Essay On Satire

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Reaching above our nature does no good; 100 We must fall back to our old flesh and blood; As by our little Machiavel we find That nimblest creature of the busy kind, His limbs are crippled, and his body shakes; Yet his hard mind which all this bustle makes, No pity of its poor companion takes.

What gravity can hold from laughing out, To see him drag his feeble legs about, Like hounds ill-coupled?

Some other kind of wits must be made known, Whose harmless errors hurt themselves alone; Excess of luxury they think can please, And laziness call loving of their ease: To live dissolved in pleasures still they feign, 170 Though their whole life's but intermitting pain: So much of surfeits, headaches, claps are seen, We scarce perceive the little time between: Well-meaning men who make this gross mistake, And pleasure lose only for pleasure's sake; Each pleasure has its price, and when we pay Too much of pain, we squander life away.

Thus Dorset, purring like a thoughtful cat, Married, but wiser puss ne'er thought of that: And first he worried her with railing rhyme, 180 Like Pembroke's mastives at his kindest time; Then for one night sold all his slavish life, A teeming widow, but a barren wife; Swell'd by contact of such a fulsome toad, He lugg'd about the matrimonial load; Till fortune, blindly kind as well as he, Has ill restored him to his liberty; Which he would use in his old sneaking way, Drinking all night, and dozing all the day; Dull as Ned Howard,[61] whom his brisker times 190 Had famed for dulness in malicious rhymes.

Poets alone found the delightful way, Mysterious morals gently to convey In charming numbers; so that as men grew Pleased with their poems, they grew wiser too.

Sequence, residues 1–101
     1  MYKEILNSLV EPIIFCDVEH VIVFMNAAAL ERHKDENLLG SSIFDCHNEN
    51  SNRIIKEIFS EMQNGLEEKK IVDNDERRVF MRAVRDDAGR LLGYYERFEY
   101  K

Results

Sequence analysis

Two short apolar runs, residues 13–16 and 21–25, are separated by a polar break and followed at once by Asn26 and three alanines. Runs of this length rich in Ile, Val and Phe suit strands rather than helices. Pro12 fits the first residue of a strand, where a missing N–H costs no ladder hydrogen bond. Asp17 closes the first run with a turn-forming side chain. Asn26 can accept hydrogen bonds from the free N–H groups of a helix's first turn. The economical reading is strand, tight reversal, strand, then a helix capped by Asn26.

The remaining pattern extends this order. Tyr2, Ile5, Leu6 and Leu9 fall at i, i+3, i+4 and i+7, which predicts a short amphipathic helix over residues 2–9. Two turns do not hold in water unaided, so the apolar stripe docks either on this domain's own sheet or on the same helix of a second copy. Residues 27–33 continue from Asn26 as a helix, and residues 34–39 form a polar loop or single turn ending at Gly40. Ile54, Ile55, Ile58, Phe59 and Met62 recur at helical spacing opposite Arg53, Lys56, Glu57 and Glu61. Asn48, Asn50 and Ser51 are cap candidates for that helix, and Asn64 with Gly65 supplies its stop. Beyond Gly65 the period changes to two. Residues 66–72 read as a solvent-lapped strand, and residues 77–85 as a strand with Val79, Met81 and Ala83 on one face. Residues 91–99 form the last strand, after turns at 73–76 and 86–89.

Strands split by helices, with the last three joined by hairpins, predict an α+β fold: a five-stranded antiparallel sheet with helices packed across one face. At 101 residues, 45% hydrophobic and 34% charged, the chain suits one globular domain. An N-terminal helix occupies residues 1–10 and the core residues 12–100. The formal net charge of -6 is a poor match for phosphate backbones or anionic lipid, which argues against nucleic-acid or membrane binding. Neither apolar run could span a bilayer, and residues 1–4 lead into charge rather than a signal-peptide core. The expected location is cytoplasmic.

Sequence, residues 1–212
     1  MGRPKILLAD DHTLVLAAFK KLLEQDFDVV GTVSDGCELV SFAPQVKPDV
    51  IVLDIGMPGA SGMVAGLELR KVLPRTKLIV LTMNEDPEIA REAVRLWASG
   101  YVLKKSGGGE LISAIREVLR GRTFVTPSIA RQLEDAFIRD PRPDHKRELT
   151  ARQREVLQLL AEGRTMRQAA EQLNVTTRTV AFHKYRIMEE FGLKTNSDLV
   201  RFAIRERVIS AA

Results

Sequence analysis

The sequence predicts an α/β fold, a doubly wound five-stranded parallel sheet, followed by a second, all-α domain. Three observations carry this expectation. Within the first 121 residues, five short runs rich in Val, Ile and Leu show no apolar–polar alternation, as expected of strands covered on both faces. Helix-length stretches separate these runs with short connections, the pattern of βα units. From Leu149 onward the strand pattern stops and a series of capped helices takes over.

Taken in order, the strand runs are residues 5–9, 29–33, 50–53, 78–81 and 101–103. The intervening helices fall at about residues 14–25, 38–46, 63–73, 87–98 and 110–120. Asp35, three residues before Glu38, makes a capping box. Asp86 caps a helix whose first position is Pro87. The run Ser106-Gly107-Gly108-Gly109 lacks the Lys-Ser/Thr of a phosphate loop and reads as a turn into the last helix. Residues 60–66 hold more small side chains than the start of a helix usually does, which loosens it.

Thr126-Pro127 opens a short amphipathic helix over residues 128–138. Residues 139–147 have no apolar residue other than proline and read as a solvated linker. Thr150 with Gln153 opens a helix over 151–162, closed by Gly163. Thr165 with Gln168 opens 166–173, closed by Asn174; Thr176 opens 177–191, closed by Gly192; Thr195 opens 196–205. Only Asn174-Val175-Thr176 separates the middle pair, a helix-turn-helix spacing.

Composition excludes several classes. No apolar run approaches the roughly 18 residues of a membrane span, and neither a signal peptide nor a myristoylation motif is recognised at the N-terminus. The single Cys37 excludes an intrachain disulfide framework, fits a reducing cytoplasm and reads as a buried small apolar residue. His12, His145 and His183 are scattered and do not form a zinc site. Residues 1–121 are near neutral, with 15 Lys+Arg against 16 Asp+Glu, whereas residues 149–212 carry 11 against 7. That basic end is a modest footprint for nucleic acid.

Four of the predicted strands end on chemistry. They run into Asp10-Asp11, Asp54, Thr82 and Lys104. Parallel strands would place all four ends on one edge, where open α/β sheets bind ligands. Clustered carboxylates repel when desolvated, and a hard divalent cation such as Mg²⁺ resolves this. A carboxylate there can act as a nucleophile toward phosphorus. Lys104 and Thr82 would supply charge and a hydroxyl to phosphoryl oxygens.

10 Satire has always shone among the rest, And is the boldest way, if not the best, To tell men freely of their foulest faults; To laugh at their vain deeds, and vainer thoughts.Jowler lugs him still Through hedges, ditches, and through all that's ill.110 'Twere crime in any man but him alone, To use a body so, though 'tis one's own: Yet this false comfort never gives him o'er, That whilst he creeps his vigorous thoughts can soar; Alas!No common coxcomb must be mentioned here: Not the dull train of dancing sparks appear; 50 Nor fluttering officers who never fight; Of such a wretched rabble who would write? [52] The cunning courtier should be slighted too, Who with dull knavery makes so much ado; Till the shrewd fool, by thriving too, too fast, Like sop's fox becomes a prey at last.Much less half wits: that's more against our rules; For they are fops, the other are but fools. 60 Nor shall the royal mistresses be named, Too ugly, or too easy to be blamed, With whom each rhyming fool keeps such a pother, They are as common that way as the other: Yet sauntering Charles, between his beastly brace,[53] Meets with dissembling still in either place, Affected humour, or a painted face.But of these two, the last succeeded best, As men aim rightest when they shoot in jest.20 Yet, if we may presume to blame our guides, And censure those who censure all besides, In other things they justly are preferr'd.How dull, and how insensible a beast Is man, who yet would lord it o'er the rest!Philosophers and poets vainly strove In every age the lumpish mass to move: But those were pedants, when compared with these, Who know not only to instruct, but please.that soaring to those few that know, Is but a busy grovelling here below.So men in rapture think they mount the sky, Whilst on the ground the entranced wretches lie: So modern fops have fancied they could fly.

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